Santa Clara officials push forward plan to reimagine north side neighborhood
The Santa Clara City Council is pictured in this file photo. Photo by Janice Bitters.

Santa Clara officials Tuesday night pushed forward a new land use and zoning plan that will help transform an industrial neighborhood of the city into a dense, mixed-use hotspot.

The Patrick Henry Drive Specific Plan, which will be studied for its environmental impacts through 2020, encompasses the city’s northernmost neighborhood on the border of Sunnyvale, tucked between Great America Parkway and Mission College Boulevard. City-hired planning consultant MIG Inc. has been studying the area and drawing up a land-use vision since being hired in August 2018.

Councilmembers unanimously voted to begin studying the environmental impacts of the proposed specific plan, which would include two options to make way for future projects by private developers.

One option in the plan, Scenario A, would study adding up to 12,000 residential units in the area and another 310,000 square feet of “nonresidential uses,” of which 200,000 square feet would be shops or public buildings, such as a library or community center. The remaining 110,000 square feet would be set aside for educational uses.

The second option, Scenario B, would also study the 310,000 square feet of “nonresidential uses,” but would make way for only about 10,300 homes and 785,000 square feet of new office space.

“The planning framework envisions the comprehensive transformation of this industrial area into a high-density, mixed-use residential community supported by walkable streets and a range of neighborhood-serving amenities,” according to city documents. Those amenities include parks, trails, shops and potentially a new library.

Developers showed up to the council meeting Tuesday night to support the plan, but push for greater flexibility when it comes to density limits — both maximums and minimums — in the plan and urged officials to speed up the approval process so projects can get underway faster.

“We would be ready to bring a great project in 2020,” Jeff Smith, senior vice president of residential development at Sares Regis Group of Northern California, a prominent local developer working to redevelop a 6.5-acre property in the area.

A map of a dozen property owners and developers in the Patrick Henry neighborhood that have weighed in on the specific plan. Image courtesy of city of Santa Clara

Today, the Patrick Henry neighborhood is filled primarily with low-slung commercial buildings. But multiple developers own land in the area, which city officials say is ripe for housing growth that could help Santa Clara meet its lofty state-mandated home development goals, known as the Regional Housing Needs Allocation (RHNA).

Currently, the city is working toward a RHNA goal of more than 4,000 new units in the city at various affordability levels, but Bay Area cities are also bracing for the next round of RHNA goals set by the state, which are expected to be much higher.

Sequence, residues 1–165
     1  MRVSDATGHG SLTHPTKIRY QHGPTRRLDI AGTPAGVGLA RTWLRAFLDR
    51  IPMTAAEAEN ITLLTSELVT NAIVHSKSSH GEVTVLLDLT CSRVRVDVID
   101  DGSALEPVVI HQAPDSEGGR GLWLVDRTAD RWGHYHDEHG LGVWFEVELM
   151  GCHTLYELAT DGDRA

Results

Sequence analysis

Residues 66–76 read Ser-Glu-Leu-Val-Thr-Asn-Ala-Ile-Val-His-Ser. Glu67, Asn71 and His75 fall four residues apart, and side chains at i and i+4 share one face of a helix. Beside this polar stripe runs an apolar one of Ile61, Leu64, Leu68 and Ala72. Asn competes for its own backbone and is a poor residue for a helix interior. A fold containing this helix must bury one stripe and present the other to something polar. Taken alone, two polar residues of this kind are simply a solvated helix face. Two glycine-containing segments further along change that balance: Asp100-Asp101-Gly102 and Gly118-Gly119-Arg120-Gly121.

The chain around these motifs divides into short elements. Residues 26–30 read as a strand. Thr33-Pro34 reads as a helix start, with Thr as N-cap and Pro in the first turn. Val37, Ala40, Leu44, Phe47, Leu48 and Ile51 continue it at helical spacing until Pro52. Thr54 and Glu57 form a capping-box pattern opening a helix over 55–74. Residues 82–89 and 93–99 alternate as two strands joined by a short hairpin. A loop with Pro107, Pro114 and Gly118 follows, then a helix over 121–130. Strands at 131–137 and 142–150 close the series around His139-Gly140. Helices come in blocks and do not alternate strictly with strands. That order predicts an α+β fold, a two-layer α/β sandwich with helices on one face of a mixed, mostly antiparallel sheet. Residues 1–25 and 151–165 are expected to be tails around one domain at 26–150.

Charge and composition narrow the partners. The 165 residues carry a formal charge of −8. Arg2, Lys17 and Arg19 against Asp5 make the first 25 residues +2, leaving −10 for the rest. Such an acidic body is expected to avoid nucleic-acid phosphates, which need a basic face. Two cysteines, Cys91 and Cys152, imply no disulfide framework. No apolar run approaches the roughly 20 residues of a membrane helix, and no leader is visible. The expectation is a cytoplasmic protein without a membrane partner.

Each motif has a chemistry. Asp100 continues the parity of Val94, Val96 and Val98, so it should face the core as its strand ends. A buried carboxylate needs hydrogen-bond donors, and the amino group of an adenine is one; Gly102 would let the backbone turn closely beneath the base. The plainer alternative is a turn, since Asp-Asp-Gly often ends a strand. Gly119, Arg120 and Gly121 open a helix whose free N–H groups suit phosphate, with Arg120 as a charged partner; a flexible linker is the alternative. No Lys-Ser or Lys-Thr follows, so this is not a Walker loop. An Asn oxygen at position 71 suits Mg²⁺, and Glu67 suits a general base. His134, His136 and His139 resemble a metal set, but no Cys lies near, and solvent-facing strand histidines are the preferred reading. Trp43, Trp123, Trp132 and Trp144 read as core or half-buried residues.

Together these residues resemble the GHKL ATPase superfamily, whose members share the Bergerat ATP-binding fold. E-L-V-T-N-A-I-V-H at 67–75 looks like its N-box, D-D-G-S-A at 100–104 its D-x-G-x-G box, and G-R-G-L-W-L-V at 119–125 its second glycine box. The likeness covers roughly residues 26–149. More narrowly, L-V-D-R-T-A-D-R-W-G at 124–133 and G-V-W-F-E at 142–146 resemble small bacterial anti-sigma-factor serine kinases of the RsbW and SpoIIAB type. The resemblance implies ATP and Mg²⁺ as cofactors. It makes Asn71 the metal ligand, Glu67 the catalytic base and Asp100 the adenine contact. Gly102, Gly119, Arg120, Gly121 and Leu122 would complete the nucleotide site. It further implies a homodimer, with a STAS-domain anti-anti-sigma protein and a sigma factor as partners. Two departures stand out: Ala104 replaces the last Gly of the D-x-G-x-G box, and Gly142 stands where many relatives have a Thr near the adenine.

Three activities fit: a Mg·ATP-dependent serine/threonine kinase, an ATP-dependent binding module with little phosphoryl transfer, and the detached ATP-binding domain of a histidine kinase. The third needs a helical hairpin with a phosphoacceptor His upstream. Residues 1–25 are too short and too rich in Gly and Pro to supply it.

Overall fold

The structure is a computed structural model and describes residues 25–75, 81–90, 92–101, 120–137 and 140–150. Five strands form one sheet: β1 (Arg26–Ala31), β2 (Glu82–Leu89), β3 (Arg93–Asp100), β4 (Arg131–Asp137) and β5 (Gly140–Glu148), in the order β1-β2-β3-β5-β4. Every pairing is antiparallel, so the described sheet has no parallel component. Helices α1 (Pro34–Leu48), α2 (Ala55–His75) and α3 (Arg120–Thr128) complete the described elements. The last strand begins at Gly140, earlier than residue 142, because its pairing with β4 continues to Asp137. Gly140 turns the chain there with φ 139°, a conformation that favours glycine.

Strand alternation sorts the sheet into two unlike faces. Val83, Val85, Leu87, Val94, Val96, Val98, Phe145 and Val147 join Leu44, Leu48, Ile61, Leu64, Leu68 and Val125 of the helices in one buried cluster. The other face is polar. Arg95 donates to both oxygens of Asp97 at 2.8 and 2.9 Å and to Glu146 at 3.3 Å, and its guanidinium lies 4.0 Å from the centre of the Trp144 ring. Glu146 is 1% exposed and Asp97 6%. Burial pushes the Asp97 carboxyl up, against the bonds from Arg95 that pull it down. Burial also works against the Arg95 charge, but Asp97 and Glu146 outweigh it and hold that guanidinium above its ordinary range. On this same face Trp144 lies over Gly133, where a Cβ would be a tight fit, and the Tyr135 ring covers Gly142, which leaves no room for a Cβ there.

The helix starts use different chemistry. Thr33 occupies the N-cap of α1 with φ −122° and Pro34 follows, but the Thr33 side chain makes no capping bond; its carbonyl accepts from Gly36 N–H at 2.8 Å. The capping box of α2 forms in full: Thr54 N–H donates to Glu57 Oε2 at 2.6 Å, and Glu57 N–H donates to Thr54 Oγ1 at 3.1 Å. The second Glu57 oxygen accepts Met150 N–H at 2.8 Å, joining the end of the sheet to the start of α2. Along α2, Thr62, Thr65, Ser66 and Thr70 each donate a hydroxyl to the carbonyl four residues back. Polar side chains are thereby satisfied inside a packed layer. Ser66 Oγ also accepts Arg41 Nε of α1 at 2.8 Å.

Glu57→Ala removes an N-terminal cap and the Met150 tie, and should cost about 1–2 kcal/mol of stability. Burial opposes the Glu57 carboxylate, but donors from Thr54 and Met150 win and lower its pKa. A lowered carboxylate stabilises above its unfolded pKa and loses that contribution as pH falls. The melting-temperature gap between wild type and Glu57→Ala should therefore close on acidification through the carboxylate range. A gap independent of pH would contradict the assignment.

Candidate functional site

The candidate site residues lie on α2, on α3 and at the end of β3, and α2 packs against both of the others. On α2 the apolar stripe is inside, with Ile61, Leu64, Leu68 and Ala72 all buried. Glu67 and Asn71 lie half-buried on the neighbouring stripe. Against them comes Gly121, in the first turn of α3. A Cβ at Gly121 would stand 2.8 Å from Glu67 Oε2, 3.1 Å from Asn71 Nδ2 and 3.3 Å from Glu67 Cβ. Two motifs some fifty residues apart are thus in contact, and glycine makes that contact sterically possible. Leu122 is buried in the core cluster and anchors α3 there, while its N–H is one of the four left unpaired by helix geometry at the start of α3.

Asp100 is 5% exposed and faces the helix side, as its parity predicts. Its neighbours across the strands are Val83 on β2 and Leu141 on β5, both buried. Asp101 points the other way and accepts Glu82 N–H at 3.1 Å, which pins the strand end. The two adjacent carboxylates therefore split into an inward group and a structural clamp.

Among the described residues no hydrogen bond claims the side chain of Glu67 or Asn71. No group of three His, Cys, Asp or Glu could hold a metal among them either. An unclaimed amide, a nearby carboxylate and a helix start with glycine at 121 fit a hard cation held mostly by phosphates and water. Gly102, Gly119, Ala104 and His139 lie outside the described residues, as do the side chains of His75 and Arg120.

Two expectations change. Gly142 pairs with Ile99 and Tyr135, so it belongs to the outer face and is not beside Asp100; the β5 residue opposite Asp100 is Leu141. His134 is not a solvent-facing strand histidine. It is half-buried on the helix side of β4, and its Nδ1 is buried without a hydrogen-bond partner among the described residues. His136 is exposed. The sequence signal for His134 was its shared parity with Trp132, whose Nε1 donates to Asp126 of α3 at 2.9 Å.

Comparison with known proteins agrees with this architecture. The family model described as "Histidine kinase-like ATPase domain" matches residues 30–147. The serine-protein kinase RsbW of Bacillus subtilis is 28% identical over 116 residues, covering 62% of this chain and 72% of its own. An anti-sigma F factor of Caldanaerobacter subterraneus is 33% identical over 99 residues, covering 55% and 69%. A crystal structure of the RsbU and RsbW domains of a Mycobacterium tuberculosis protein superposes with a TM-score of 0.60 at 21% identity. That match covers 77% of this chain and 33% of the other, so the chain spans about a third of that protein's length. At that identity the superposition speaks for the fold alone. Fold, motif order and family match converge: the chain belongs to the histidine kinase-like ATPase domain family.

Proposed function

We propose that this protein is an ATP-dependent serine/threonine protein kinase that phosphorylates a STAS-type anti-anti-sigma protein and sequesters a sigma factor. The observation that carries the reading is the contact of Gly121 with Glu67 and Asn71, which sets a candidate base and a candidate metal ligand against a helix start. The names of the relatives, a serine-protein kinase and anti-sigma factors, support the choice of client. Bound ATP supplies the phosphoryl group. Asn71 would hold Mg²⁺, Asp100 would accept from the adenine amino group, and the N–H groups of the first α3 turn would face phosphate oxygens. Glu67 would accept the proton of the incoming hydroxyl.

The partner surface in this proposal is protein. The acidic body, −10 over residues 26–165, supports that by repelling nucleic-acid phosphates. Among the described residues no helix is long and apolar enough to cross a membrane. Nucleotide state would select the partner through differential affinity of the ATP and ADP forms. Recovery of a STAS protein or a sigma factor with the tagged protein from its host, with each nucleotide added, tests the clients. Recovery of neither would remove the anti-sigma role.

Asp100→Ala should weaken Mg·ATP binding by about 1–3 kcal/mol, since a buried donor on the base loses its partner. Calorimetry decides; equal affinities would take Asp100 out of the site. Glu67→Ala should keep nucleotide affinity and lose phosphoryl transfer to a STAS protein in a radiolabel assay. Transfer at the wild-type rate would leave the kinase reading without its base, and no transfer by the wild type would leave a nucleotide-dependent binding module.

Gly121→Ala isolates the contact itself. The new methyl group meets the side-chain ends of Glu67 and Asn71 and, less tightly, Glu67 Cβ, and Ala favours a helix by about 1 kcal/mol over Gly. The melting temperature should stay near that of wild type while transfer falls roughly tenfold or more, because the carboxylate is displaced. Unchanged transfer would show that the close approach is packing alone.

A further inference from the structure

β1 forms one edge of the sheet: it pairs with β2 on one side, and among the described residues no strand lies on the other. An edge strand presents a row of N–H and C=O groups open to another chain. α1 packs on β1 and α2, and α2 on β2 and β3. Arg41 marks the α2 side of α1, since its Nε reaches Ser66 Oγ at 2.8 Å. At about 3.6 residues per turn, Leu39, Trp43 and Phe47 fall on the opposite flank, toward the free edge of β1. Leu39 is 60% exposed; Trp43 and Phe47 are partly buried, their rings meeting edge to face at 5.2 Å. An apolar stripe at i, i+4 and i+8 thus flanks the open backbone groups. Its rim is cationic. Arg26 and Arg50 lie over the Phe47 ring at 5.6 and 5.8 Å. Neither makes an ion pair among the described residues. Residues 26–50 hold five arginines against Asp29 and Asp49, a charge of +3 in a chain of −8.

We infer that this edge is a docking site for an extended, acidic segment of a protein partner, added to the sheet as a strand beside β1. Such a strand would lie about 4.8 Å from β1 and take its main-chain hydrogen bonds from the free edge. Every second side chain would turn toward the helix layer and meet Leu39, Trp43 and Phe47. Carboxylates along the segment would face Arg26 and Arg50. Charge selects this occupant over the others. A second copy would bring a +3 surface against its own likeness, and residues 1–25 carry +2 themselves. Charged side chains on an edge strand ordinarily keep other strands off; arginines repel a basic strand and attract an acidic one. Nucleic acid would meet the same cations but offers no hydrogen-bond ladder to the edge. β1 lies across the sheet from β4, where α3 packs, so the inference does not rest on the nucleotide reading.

Throughout the area, based on the current proposal, buildings would be allowed to rise from five stories to 25 stories in height, depending on the zoning, though Mayor Lisa Gillmor said she was apprehensive about envisioning buildings so tall rising in the area because they’d be “out of character” for the area.

About 11.4 acres — or about 22 percent of the land area — would be dedicated to publicly accessible park space, including a new “central park spine” running north and south through the neighborhood.

Meanwhile, new low-speed roads, shared by pedestrians, bicyclists and cars, are envisioned to “break up the existing superblocks to support intensified land use,” according to city planners. A new greenway could pop up along Patrick Henry Drive.

A vision of the various development densities and mix of uses that could be allowed in the Patrick Henry neighborhood. Photo courtesy of Santa Clara.

“The Patrick Henry Drive Specific Plan represents a collaborative planning effort between the city of Santa Clara, area property owners, and the general public in an effort to increase housing supply and promote sustainability through dense, compact, transit-oriented development,” city documents state.

City officials this month will release a Notice of Preparation of the environmental analysis for the specific plan, which is essentially a call for community feedback regarding environmental concerns with the vision.

A draft environmental review document will be ready by late summer 2020 and residents will have a chance to comment on that as well. Councilmembers are expected to vote on the final specific plan by January 2021.

Contact Janice Bitters at [email protected] or follow @JaniceBitters on Twitter.

Leave a Reply

Your email address will not be published.